May 11, 2017
Anthropologist selected for Purdue’s 2017 Research and Scholarship Distinction Award
WEST LAFAYETTE, Ind. — Michele R. Buzon, a professor of anthropology in the College of Liberal Arts, has been chosen as the 2017 Research and Scholarship Distinction Award recipient. One of Purdue University's top three research honors, the Research and Scholarship Distinction Award is the most prestigious award the university bestows in the humanities and social sciences.
Buzon is being honored for her work in bioarchaeology.
“Dr. Buzon’s groundbreaking work in bioarchaeology has gained recognition in the United States and around the world. In combining state-of-the-art research methods with theoretical knowledge, she answers significant questions about ancient societies," said Suresh Garimella, Purdue's executive vice president for research and partnerships and the Goodson Distinguished Professor of Mechanical Engineering, in announcing the winner. “Her field research and scholarship have advanced multiple disciplines, including archaeology, bioarchaeology and anthropology.”
Buzon will deliver the Research and Scholarship Distinction Distinguished Lecture on Oct. 30 in Stewart Center's Fowler Hall. The 10:30 a.m. lecture is free and open to the public.
Viewed as a leader in bioarchaeology and strontium isotope analysis, Buzon has earned an international reputation for her expertise and innovation, specifically for her research in the Nile Valley.
Buzon’s research examines processes of change and consequences of contact between people who inhabited the ancient Nile River Valley of Egypt and Nubia during the governmental alterations of the New Kingdom Egyptian occupation of Nubia (around 1530-1070 BCE) through the later Nubian Napatan rule of Egypt (around 750-650 BCE).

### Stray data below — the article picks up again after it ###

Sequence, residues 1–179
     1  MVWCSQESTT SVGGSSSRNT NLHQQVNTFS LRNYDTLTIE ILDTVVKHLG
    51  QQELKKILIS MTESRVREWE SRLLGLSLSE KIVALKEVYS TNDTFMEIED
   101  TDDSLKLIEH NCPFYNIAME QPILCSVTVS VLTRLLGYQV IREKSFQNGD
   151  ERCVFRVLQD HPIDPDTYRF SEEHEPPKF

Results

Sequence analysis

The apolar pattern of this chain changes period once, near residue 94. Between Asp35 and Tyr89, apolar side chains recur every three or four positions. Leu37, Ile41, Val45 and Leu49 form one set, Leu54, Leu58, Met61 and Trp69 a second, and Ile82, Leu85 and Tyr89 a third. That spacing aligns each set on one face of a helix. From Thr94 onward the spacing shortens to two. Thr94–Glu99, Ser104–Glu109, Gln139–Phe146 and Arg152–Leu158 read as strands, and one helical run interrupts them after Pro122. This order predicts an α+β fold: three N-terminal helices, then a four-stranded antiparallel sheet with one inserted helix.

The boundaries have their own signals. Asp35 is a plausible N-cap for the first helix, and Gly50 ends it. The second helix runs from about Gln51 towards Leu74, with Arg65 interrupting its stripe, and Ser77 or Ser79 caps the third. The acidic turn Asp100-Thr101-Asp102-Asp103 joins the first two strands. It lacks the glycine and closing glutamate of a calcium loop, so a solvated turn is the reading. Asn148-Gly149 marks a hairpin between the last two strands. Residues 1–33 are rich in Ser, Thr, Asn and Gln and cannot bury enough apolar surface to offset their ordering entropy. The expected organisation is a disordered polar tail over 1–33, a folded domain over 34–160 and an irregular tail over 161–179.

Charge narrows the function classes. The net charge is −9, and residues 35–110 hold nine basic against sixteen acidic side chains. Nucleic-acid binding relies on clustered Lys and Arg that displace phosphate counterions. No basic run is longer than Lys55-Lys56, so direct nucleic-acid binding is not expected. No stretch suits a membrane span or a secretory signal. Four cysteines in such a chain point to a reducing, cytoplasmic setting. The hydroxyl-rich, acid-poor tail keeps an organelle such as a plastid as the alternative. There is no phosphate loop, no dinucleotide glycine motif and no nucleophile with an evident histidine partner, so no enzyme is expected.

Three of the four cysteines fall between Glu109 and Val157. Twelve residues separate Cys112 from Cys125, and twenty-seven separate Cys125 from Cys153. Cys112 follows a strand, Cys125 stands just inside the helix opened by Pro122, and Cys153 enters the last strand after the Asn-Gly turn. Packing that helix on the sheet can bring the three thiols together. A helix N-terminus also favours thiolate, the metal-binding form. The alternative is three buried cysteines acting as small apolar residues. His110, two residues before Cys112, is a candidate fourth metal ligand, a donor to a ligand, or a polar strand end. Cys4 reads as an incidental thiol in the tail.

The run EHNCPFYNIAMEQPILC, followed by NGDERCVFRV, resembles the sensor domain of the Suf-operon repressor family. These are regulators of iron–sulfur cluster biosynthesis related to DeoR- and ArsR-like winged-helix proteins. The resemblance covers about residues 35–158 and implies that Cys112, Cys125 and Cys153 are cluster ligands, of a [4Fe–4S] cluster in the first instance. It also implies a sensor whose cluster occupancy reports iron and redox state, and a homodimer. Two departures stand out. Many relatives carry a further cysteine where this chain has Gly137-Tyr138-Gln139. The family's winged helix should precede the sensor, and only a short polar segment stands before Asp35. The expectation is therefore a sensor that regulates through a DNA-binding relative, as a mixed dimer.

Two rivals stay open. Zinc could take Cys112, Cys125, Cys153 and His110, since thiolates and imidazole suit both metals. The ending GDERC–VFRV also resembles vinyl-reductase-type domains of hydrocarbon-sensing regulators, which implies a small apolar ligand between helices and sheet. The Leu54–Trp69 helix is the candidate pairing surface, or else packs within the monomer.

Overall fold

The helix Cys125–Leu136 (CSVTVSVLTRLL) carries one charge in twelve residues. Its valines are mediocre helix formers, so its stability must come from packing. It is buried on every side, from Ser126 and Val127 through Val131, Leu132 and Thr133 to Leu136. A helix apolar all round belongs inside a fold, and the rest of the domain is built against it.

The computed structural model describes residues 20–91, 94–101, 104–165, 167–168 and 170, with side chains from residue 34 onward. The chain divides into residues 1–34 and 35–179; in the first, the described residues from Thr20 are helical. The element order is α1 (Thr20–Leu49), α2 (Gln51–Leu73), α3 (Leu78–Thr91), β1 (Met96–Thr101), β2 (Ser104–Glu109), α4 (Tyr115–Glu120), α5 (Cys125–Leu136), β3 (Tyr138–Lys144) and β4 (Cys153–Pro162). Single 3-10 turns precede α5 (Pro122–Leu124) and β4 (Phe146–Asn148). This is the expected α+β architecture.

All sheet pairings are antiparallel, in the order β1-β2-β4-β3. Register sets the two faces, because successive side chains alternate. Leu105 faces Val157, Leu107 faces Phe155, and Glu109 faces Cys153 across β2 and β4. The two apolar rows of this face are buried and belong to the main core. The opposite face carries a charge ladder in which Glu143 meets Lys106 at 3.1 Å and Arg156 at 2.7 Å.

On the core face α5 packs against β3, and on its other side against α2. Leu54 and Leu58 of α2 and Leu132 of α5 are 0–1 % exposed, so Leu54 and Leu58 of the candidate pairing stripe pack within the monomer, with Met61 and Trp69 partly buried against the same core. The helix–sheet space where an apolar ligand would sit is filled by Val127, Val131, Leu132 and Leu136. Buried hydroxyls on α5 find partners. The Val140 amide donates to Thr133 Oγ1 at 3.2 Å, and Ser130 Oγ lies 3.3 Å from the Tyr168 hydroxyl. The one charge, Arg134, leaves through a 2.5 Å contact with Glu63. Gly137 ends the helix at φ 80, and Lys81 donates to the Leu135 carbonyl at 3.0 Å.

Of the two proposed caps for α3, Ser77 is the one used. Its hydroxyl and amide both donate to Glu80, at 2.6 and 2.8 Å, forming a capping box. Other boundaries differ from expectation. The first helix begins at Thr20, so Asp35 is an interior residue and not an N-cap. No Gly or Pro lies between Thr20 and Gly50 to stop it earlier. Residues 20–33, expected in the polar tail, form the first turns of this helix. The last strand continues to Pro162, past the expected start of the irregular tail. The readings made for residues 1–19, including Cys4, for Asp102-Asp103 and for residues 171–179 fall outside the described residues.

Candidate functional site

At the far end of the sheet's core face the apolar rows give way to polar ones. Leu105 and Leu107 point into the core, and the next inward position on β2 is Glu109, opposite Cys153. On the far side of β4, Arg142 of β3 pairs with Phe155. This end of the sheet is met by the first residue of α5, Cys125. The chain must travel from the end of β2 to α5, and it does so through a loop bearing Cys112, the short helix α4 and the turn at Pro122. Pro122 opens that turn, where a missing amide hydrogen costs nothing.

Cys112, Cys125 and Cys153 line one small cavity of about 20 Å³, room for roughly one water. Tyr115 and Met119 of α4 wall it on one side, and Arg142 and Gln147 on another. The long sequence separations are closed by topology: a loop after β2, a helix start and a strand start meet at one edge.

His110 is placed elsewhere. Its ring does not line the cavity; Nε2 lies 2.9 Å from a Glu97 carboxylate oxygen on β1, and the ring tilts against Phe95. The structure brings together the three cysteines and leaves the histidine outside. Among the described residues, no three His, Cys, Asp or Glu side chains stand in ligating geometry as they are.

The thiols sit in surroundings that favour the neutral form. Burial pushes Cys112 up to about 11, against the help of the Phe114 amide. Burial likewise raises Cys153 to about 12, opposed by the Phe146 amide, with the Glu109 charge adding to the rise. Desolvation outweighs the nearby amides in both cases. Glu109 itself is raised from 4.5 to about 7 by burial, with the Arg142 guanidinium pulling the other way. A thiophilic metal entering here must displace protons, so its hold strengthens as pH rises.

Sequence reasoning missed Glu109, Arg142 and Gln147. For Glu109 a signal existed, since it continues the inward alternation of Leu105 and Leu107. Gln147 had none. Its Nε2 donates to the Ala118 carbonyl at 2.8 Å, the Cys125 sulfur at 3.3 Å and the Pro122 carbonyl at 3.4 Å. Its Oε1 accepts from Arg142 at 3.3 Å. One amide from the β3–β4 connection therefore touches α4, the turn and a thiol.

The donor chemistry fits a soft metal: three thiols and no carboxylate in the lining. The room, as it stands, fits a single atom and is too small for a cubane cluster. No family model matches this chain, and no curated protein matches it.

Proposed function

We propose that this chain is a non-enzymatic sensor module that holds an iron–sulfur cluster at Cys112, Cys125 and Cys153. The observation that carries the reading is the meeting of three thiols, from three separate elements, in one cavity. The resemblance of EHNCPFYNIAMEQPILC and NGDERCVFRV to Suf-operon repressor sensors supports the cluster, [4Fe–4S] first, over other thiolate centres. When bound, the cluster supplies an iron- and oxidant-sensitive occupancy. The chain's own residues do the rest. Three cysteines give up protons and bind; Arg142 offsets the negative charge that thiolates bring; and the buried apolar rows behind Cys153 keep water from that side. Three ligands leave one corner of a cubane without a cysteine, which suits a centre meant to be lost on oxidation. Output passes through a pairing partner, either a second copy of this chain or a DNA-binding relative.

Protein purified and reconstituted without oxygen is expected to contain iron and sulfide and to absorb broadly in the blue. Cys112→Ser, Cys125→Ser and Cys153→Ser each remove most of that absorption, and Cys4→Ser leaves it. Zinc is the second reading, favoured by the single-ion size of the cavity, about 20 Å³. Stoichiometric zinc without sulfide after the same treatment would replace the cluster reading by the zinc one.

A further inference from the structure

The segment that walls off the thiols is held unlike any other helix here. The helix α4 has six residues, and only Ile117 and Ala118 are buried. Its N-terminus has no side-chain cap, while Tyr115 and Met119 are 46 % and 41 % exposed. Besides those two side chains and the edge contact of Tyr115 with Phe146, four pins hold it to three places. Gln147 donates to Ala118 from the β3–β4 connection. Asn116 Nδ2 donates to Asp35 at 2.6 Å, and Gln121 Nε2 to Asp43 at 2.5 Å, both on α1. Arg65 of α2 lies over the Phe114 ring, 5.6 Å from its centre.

Buzon takes a multifaceted, contextual approach to her research. Using paleopathology – the study of ancient diseases – she provides a window into disease stress and nutritional deficiencies. With cranial measurements and non-metric traits, she explores biological relatedness between individuals and groups, and through strontium isotope analysis, she demonstrates the presence of first-generation immigrants at ancient sites.
Buzon’s work in Tombos, Sudan – which she has conducted in collaboration with Egyptologist and archaeologist Stuart Tyson Smith – has sought to understand how sociopolitical transitions affected peoples’ lives and roles. Over the last 17 years, Buzon has established that the interaction and collaboration of local Nubians and immigrant Egyptians at Tombos produced a healthy community during the New Kingdom Egyptian colonial period, which continued to thrive and influence the post-colonial and subsequent Napatan population.
A graduate of the University of California, Santa Barbara, with a Ph.D. in anthropology, Buzon completed a prestigious Killam Postdoctoral Fellowship at the University of Alberta before joining the Purdue faculty in 2007. In 2014, she was named a University Faculty Scholar, a program that provides additional university funding for outstanding faculty members at the West Lafayette campus who are on an accelerated path for academic distinction.
The Purdue Research and Scholarship Distinction Award, launched in 2013, recognizes university faculty whose recent contributions have made a major impact in humanities and social sciences. The award comes with a cash prize and a small grant for university scholarly activities. Winners of the Research and Scholarship Award are nominated by colleagues, recommended by a faculty committee and named by the university president.
Contact: Pam Burroff-Murr, director of research communications, Office of the
Executive Vice President for Research and Partnerships, 765-496-3381, email@example.com